At its core Community Health Maps (CHM) has always been a citizen science project. Since the beginning the most used and accessible component is community data collection. This is arguably the most important component as well. The foundation of any mapping project is data. While the world is awash in data, most of it is produced by federal and state agencies and importantly is not created at the community scale. After several years of teaching CHM workshops, one thing that is abundantly clear is that communities often know the issues affecting their public health better than anyone coming from the outside. With CHM, communities can gather data on these issues via the citizenry. CHM also allows agencies and NGO’s to leverage communities to crowd-source local data.
What makes Community Health Maps so effective is the workflow based in open source and low cost software. This allows Community Health Maps to be scalable across neighborhoods, counties and larger regions. The technology is accessible because of the low cost of entry. QGIS is open source and free of licensing fees. Fulcrum has a very reasonable subscription rate. The tools used are also intuitive. This has allowed CHM to go into communities and train the local citizens in data collection in just a few short hours.
During the spring and summer of 2013 the first two CHM pilot projects immediately demonstrated this citizen science potential:
- The Urban Indian Health Institute in Seattle, Washington used the CHM workflow
in what is still one of the more creative applications: mapping noise in American Indian communities in Seattle. Noise pollution is an environmental health concern that has been linked to a variety of health conditions in both occupational and community studies. It is easy to measure with portable devices. One of the goals of this pilot was to evaluate the scalability of the workflow to the larger Urban Indian Health Organization (UIHO) The conclusion was the approach was ideal for crowd-sourcing data across the UIHO network.
- Papa Ola Lokahi with the Native Hawaiian and the Indigenous Health Office of Public Health Studies, University of Hawai’i Manoa used CHM to conduct windshield surveys of obesity factors in six Native Hawaiian communities.
Both of these pilot project implemented the train-the-trainer methodology. This allowed us to train community leaders, who in turn trained members of the community to collect the data.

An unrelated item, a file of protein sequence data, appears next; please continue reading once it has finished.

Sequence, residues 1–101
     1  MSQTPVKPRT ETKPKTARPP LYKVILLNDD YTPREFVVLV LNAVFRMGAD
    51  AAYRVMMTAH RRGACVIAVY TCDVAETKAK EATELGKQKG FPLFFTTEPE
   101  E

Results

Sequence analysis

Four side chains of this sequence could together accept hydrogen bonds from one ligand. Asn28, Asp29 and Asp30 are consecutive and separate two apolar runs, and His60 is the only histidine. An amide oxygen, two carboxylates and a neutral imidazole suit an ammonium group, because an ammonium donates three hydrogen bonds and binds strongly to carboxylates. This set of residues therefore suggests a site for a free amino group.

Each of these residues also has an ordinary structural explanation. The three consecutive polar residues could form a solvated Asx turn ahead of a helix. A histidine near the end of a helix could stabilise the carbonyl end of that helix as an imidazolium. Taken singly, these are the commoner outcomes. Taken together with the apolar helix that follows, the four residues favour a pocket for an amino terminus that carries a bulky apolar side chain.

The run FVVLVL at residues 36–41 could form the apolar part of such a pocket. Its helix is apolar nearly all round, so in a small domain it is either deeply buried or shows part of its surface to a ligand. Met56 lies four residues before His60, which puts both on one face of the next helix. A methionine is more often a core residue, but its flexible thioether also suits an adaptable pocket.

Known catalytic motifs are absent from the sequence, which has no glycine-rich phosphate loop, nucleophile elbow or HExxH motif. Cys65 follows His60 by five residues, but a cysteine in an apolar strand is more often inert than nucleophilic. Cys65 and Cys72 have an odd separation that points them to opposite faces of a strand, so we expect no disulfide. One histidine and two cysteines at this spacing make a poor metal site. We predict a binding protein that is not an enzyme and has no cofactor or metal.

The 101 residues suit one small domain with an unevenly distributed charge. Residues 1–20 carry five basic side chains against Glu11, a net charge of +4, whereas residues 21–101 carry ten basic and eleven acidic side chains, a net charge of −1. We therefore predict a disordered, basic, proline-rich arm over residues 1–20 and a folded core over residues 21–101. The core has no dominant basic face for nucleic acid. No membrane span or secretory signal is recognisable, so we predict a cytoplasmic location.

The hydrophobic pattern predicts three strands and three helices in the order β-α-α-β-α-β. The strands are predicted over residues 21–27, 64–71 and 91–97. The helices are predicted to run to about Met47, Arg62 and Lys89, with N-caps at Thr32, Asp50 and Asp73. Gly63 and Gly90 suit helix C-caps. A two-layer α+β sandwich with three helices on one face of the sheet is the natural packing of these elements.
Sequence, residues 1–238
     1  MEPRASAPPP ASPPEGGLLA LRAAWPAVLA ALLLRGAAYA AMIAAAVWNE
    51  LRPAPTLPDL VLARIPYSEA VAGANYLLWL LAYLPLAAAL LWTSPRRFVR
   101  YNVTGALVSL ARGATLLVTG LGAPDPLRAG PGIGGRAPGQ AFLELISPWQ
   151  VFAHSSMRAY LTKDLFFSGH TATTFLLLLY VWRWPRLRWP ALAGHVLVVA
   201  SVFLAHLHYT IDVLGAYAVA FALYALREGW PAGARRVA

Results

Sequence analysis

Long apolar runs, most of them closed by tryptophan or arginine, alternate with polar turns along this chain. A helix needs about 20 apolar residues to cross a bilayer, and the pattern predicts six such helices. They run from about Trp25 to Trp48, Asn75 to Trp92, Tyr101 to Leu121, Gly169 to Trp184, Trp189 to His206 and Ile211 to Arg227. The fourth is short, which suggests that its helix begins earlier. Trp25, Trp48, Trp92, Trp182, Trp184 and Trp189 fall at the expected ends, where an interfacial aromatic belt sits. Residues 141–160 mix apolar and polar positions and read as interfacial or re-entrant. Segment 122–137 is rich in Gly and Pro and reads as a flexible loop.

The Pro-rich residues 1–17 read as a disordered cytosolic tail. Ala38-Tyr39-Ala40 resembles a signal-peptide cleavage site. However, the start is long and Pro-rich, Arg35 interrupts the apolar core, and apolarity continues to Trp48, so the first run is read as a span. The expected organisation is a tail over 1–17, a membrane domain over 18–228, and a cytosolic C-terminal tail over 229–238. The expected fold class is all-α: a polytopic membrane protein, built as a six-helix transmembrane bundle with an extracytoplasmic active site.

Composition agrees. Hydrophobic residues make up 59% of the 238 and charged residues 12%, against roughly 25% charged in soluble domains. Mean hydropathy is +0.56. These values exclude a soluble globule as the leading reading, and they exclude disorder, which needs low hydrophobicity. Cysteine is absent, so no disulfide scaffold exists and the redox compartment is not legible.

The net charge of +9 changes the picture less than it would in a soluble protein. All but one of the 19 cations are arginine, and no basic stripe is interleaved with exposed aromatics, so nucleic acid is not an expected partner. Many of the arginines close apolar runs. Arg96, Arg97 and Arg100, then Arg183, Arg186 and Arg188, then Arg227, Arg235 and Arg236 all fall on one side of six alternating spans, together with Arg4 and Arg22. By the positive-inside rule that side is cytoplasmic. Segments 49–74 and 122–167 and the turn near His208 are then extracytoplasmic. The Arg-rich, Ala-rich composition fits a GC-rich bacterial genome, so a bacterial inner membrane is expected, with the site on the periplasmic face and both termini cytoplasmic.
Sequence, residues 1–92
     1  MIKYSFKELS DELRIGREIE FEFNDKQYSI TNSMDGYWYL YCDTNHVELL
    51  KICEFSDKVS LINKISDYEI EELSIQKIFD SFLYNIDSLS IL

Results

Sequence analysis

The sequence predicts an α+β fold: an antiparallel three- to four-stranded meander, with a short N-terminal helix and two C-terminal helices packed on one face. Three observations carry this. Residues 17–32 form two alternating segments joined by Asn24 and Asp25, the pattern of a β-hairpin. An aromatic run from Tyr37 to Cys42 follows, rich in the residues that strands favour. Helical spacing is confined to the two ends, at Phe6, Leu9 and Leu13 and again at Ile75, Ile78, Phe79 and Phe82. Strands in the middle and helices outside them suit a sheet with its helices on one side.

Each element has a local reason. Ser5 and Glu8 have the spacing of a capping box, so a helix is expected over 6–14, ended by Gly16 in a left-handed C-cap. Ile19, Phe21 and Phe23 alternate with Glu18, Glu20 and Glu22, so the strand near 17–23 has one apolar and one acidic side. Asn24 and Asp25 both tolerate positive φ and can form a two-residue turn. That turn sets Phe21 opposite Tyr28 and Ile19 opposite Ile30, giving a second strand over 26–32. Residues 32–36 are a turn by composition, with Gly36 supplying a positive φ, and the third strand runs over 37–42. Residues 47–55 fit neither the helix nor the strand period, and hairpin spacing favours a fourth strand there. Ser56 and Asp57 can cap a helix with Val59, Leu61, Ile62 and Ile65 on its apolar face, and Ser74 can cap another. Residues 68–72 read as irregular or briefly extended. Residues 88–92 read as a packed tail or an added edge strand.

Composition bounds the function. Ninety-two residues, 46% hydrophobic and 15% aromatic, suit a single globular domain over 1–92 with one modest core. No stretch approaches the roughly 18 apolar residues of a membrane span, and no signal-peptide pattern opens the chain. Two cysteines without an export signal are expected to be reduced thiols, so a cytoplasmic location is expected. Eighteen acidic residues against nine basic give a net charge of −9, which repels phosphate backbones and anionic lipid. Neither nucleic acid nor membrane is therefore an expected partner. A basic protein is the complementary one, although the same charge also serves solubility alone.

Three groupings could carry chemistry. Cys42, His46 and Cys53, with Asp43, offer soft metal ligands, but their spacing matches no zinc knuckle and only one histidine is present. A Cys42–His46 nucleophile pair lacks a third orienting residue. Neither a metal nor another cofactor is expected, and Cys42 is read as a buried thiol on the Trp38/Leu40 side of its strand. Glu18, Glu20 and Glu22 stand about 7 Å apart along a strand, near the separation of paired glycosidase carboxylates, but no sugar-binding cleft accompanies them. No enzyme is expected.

Miami King Tides
The most recent and applied use of the CHM workflow in a crowd-sourcing effort took place in Miami in 2017. This is the most disaster-specific project CHM has undertaken and is still engaged in – the mapping of King Tides in Miami. King Tides is a term coined to refer to the highest tides of the year. They tend to come in the fall.
Researchers at Florida International University had already developed a data collection protocol involving data on water depth, salinity, and bacterial contamination. However, they lacked a workflow that would allow the results to be mapped. Plus the existing methodology made participation of the local community too complicated.
The training was in two tiers. We first showed two professors at Florida International Universities Wetland Ecosystems Research Lab how to rebuild their data collection form in Fulcrum. We also obtained a Fulcrum Community grant making it even easier to have community members participate. Community leaders and residents were then trained in the data collection protocol and use of Fulcrum.
The coalition of mappers included: Unitarian Universalist Justice Florida (UUJF), which coordinated the neighborhood program, along with New Florida Majority and Quaker Earth Care program. Jan Booher with UUJF documented the entire event on her ReACT Tool Kit blog.
A powerful component of a project like this is that local citizens are empowered. They can see what data is collected and how. Plus they have ownership in it. They are collecting data in their front yards, parks their children play in and streets they drive through daily. Their local knowledge improves the resulting data. Often they knew of specific locations where flooding was worst that should be captured. These locales would have otherwise been overlooked.
“Data gives people a window into low-income communities that they wouldn’t otherwise have,” Booher said. “People have confidence in data and can use and share it—even people who cannot articulate information can advocate for themselves. This process can give people a voice.”
This CHM data collection now happens annually and is available as open data via the Fulcrum Community page. This data allows people to create valuable maps which communities and academics alike can use to convey the situation to decision makers.
Booher added, “Maps have a way of communicating in a dispassionate way that is fact-based.”